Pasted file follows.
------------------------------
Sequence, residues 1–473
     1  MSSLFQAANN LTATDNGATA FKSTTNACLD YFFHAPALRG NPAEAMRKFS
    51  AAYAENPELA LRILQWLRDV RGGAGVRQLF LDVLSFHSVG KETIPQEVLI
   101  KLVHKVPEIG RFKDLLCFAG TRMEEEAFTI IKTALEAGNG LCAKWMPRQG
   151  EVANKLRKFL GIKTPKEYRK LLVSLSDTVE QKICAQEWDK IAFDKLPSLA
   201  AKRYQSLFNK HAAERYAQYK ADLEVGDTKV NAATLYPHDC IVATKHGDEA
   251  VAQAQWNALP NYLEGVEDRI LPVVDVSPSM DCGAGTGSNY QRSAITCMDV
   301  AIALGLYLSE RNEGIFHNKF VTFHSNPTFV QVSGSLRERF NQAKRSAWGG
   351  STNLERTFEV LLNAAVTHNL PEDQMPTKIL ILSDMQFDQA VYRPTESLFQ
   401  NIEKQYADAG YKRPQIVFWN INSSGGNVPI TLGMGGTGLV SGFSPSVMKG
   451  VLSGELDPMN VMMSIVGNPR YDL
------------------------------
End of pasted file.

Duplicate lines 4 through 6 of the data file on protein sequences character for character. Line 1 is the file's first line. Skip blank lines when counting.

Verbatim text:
   101  KLVHKVPEIG RFKDLLCFAG TRMEEEAFTI IKTALEAGNG LCAKWMPRQG
   151  EVANKLRKFL GIKTPKEYRK LLVSLSDTVE QKICAQEWDK IAFDKLPSLA
   201  AKRYQSLFNK HAAERYAQYK ADLEVGDTKV NAATLYPHDC IVATKHGDEA